Robert Scholes and Cliff Wulfman's chapter "Modernity and the Rise of Modernism: A Review" in Modernism and the Magazines says that modernism was in many ways not as much a sythesis of sybolism and realism but a struggle between the two with certain magazines and individuals taking certain positions within the debate. For this week's assignment I looked at The Little Review v5 n5 and several of the pieces in there. Here is what I paid particular attention to:
"The Western School" by Edgar Jepson pages 4-9
T.S. Eliot "Sweeney Among the Nightingales," "Whispers of Immortality," "Dans le Restaurant," "Mr. Eliot's Sunday Service." Pages 10-14
James Joyces, Ulysses episode VI pages 17-37
Ezra Pound "Notes from an Ivory Tower" Pages 50-53
Marsden Hartley, "The Reader Critic: Divagations" Page 59-
In looking at these selections I notice that this issue of TLR includes several highest of the high modernists like Joyce, Eliot, and Pound (as well as prose fiction from Sherwood Anderson and Ford Madox Ford and poetry from W.B. Yeats) alongside articles like the ones by Jepson and Hartley on the aesthetics, functions, and sources of poetry and art. So in many ways the texts present a situation much like what Bornstein outlines in "How to read a page: modernistm and material textuality."
Bornstein describes how the sites where poems and other works appear originally is significantly different from how they are received in other publications later on (e.g. Norton Anthologies). His example is how a Keats' poem is originally published in a highly political periodical The Examiner. Bornstein's point is that the appearance of Keats' poem in a politically left periodical would perhaps associate not only Keats himself as a public figure with these left-leaning politics, but also contribute to how a reader would interpret the poem. I would argue that a similar situation is taking place in TLR. Jepson for instance is (mawkishly) praising T.S. Eliot's poetry at the expense of other American poets such as Frost, Lee Masters, and Lindsay. The fact that not only is Eliot's poetry praised in a publication in which other of his poems also appear, but Jepson and Hartley make larger claims the elements of good poetry and art. Hartley, like Jepson, praises (he's a little less effusive) Joyce's Episode IV of Ulysses against the realism of Flaubert. So we have come back around to the struggle that Scholes and Wulfman describe as a struggle between symbolism and realism that takes place in the magazines.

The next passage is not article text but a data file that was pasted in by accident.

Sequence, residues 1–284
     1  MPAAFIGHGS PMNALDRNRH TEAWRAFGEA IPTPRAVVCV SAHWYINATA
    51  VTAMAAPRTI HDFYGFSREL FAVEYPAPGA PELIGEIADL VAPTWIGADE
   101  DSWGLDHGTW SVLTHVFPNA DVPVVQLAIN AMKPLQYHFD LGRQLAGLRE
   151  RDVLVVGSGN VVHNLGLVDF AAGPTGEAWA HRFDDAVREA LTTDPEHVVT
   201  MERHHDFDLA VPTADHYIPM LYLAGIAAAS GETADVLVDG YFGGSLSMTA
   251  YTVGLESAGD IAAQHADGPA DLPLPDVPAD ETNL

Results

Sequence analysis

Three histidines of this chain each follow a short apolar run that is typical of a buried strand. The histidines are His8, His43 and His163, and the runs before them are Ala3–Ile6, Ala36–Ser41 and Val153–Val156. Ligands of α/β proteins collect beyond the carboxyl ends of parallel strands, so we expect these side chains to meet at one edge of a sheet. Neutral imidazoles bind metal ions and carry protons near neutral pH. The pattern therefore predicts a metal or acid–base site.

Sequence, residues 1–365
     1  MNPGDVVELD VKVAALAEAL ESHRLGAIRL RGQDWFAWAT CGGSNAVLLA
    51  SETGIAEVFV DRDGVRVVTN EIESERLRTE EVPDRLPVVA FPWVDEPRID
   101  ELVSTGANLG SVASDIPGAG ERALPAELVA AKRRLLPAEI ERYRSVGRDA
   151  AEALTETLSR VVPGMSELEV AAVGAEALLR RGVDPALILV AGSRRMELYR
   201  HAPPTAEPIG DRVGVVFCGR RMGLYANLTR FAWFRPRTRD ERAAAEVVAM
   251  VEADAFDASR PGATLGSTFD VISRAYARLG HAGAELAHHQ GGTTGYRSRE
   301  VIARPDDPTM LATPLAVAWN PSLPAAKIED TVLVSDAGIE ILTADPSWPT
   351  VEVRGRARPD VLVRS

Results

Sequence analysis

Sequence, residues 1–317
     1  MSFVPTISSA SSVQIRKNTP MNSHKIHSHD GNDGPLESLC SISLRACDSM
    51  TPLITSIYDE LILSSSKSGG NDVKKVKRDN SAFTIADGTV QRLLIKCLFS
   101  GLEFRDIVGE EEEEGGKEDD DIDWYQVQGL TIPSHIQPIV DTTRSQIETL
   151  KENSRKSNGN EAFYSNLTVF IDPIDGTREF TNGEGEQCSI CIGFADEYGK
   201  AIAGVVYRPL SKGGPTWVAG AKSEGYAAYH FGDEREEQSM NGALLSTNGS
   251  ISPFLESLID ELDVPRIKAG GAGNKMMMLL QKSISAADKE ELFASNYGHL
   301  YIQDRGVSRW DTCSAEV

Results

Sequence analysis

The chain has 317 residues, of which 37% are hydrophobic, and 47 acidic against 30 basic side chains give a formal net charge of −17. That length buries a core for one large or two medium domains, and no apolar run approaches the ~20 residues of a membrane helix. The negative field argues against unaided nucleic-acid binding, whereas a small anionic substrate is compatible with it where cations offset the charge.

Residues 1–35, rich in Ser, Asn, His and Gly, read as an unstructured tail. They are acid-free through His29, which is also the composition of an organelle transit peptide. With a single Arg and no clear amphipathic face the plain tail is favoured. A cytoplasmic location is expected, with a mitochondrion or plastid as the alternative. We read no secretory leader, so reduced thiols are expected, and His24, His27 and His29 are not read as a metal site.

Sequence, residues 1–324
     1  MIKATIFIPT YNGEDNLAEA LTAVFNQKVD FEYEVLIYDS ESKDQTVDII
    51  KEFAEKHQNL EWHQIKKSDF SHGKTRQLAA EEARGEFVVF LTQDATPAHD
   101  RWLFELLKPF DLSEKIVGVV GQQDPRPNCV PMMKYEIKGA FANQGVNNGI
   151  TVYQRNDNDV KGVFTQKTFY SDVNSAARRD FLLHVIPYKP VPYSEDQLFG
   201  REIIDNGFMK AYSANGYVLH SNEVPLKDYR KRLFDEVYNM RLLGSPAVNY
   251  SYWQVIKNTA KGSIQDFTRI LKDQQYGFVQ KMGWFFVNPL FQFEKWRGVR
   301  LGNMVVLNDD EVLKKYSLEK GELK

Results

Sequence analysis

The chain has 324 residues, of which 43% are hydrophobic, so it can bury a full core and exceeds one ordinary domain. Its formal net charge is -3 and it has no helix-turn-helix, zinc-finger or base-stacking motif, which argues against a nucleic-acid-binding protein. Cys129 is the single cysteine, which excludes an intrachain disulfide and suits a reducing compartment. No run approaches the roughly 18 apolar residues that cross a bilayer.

I would say though that some ambiguity arises because it's difficult to determine how writers like Joyce, Pound, and Eliot understood how their work was being "used" in these magazines. Of course, Pound was likely very aware considering he was on the editorial board, but I do know that he was an ardent supporter of Frost's poetry early on. However, Jepson's description of the situation opposes Pound and Eliot's work with the likes of Frost. This suggests to me that whether or not the poetry that appears alongside aesthetic manifestos like Jepson's express similar values, the poems and poets are implicated in the larger debates taking place. Having read "Signature/Event/Context" and Limited Inc. over break, I'm prepared to discuss the idea of contextual implication a bit further in class if we have some time. I think it would interact in interesting ways with Bornstein's use of Speech Act Theory and Benjamin's concept of aura.